Greece to re-open 1000 bank branches for pensioners from Wednesday

30 Jun 2015 | Author: | No comments yet »

Crisis arrives in Greece, but will it spread?.

European stocks fell again on Tuesday, extending the previous session’s decline as Greece looked certain to default on a €1.6 billion debt payment to the IMF ahead of a weekend referendum that could pave the way for its exit from the euro.The long wait for the next financial crisis is over, at least by one definition: When a government shutters the nation’s banks and people can’t get their money, that’s a crisis.The Greek government issued a decree in the early hours of Monday requiring banks to shut through July 6, citing an “urgent and unforeseen” need to protect the financial system.

A decree on banking controls has been published in the official Government Gazette stating banks will not open Monday and will stay shut through Monday, July 6.The Greek government in collaboration with the Hellenic Bank Association have decided to reopen about 1,000 bank branches on Wednesday that will cater for pensioners who do not use or possess debit cards.

The pan-European FTSEurofirst 300 index was down 1 per cent at 1,515.51 points in early morning trading extending falls after a 2.8 per cent slump on Monday. That happened Monday in Greece, prompting speculators who had bet on a European Union bailout to instead focus on the risk of contagion, dumping stocks and moving to safer government bonds in markets around the world.

Here’s the list of transactions that can still be processed by banks in Greece, including branches of foreign lenders, according to the decree published on the government gazette’s website: * Cash withdrawals from ATMs for as much as 60 euros ($66) per day, per card, per account. Greece’s Finance Ministry announced on Tuesday that the branches will be open until the end of the week and will service only those pensioners who cannot withdraw money from automated teller machines.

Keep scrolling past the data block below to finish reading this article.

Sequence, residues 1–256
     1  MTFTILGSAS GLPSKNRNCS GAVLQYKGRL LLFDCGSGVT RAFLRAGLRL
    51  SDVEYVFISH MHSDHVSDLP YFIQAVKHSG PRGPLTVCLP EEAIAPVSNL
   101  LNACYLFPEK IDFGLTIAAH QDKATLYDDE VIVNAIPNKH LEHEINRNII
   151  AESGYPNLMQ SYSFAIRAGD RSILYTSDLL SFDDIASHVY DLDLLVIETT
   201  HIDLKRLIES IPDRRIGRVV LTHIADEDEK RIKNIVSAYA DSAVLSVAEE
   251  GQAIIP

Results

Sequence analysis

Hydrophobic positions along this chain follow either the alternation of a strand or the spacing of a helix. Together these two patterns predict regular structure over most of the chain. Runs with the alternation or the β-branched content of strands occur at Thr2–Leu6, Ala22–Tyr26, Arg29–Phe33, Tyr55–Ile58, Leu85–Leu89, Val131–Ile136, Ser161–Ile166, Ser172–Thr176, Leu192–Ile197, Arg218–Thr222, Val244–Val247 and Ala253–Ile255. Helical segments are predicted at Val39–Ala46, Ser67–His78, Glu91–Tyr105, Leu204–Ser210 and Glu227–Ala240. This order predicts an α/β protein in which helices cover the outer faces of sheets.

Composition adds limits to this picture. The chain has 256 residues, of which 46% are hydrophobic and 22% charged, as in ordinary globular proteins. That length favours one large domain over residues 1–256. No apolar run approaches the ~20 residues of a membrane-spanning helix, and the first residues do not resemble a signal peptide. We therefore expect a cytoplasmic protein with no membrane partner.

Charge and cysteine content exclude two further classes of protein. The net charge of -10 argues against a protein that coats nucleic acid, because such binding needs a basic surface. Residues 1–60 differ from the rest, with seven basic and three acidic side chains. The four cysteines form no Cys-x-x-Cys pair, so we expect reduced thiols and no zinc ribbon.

The banks have also been instructed to immediately issue debit cards to all retirees so that they may withdraw funds of up to 60 euros a day like everyone else. If anything, tumbling markets offer bargains for patient, long-term investors who save a little something from every paycheck and plow it into high-quality companies or index funds.

To save the country’s credit system, Greek authorities on Sunday established capital controls to limit financial transactions, closing banks for six business days beginning Monday. No restrictions are imposed on withdrawals using debit or credit cards issued abroad. * Greeks living or traveling abroad won’t be able to use their debit cards for transactions exceeding the 60 euro limit.

The finance ministry reiterated assurances that bank deposits would remain safe after Sunday’s referendum on the terms of a bailout agreement with foreign lenders which the government has rejected. Banks that violate the decree could be liable for fines equal to 10 percent of offending transactions and could be forced to dismiss employees who approved them.

In one of the biggest rallies seen in Athens, thousands of protesters took to Syntagma Square below parliament to demonstrate support for the government, which on Monday ordered banks to close until July 7th after ATMs ran dry. Greece’s prime minister Alexis Tsipras said he will “respect the outcome” of Sunday’s referendum and act in accordance with the Greek constitution, in a strong suggestion that he will resign if the public vote Yes. The Greek government has imposed capital controls in order to prevent the collapse of the banking system after several days of bank runs that followed the breakdown of negotiations between Greece and its international creditors.